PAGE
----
Thinking of buying a new computer? Baffled the bewildering array of choices? EDDIE TRUMAN guides you through the jungle of jargon to help you decide what's best for you
Your new computer will be a triumph of human engineering, more powerful than the technology that put man on the moon and yet costing about the same as a colour television.
When selecting what model to buy you’ll be confronted by the seemingly impenetrable language of processor numbers, gigabytes and RAM.
Desktop or laptop?
There are traditionally two principal makes of computers (at least insofar as home computers can claim to have been around enough to have a tradition). These are the desktop and the laptop.
In the past few years, they have been joined by other devices, such as the netbook (actually just a cut-down, low-powered laptop); the tablet (such as the iPad); and even mobile smartphones which are now, in essence, mini-computers. However, many people now combine ownership of one of the small portable devices with a main laptop or descktop computer.
The desktop has a separate monitor, keyboard, mouse and box containing the hard drive and other parts vital to the computer’s operation. A laptop – along with the other smaller devices – has all of these elements integrated into one.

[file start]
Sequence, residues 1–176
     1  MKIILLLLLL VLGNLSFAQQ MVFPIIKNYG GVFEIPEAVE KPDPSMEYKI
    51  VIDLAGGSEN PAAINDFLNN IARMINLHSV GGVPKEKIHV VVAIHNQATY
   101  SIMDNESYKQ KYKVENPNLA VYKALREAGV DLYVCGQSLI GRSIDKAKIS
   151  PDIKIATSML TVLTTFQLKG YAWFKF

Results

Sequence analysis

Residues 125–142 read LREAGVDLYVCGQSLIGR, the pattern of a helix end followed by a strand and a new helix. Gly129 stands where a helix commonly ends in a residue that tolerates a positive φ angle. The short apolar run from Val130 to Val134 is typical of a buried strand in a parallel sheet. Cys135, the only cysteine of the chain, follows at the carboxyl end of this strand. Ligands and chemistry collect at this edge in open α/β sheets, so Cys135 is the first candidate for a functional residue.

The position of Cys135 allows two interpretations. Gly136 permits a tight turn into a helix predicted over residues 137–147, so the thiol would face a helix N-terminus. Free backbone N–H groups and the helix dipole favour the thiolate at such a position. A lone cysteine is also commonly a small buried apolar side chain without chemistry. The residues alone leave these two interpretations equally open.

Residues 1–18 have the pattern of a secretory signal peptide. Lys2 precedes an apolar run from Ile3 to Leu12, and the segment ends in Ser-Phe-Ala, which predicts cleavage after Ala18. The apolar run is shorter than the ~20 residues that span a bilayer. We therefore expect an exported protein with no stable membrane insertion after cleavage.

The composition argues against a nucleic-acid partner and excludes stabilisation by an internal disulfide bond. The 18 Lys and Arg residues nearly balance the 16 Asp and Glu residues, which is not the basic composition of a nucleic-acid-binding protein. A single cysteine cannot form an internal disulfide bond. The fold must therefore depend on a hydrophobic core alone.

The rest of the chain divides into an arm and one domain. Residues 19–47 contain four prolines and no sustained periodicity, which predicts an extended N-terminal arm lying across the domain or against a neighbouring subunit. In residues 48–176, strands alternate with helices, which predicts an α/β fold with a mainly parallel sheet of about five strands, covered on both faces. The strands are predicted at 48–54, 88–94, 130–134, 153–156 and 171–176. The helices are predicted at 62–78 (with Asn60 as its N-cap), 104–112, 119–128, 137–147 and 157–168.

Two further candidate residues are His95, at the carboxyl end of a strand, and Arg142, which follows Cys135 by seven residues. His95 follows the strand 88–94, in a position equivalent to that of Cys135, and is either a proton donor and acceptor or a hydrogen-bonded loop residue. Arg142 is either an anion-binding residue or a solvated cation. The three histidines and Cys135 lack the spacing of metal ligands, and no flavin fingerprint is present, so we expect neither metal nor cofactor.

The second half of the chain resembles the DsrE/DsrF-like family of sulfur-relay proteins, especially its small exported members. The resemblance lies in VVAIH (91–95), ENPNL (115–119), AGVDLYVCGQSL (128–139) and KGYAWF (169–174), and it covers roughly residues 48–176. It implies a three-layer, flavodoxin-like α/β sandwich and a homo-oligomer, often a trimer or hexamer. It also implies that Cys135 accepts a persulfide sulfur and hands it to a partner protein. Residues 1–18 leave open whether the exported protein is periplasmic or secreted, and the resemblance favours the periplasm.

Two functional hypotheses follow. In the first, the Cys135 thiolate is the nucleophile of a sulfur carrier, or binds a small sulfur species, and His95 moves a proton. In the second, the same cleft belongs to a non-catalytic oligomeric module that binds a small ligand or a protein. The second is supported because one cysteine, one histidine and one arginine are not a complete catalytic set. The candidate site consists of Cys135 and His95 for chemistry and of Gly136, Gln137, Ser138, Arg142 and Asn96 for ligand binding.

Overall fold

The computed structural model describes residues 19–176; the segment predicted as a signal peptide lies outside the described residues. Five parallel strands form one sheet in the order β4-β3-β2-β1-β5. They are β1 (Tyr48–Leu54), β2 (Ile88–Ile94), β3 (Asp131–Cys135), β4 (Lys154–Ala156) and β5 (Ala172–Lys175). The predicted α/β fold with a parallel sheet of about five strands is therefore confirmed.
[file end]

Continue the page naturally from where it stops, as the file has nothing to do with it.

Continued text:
In the past laptops were far more expensive than deskstops. You can still get more power per pound from a desktop. But as technology has evolved, the price gap between laptops and desktops has narrowed.
Increasingly the laptop is seen as the computer of choice, offering portability and not requiring the permanent space that a desktop and computer desk and chair take up in the home.
The three fundamental components of a computer that make up the power of the machine are:
If you download a photo from a digital camera the following sequence of tasks is performed by each of these three elements:
What to look for
The more you spend on a computer, the more powerful these basic elements will be.
Although it’s a bit more expensive you should get at least a dual core processor – effectively more than one processor on the chip – which gives a far more responsive machine able to carry out multiple tasks simultaneously. It’s now possible to get triple and even quadruple core processors, but for now, a dual core processor is probably powerful enough for most non-professionals.
You will want at least two gigabytes (GB) of RAM – and preferably more, depending on what you use the computer for. If you only surf the net, send emails and work with text files or spreadheets, 2GB is plenty. But if you play games or use sophisticated image, video or audio-editing programs, it’s best to invest in 3GB or 4GB.
These days, hard disk drives start from 250 gigabytes upwards. If you envisage storing large numbers of photographs or sound files then you’ll want a larger hard disk – anything from 500 gigabytes to 1000GB, otherwise known as a tetrabyte (often shortened to 1T).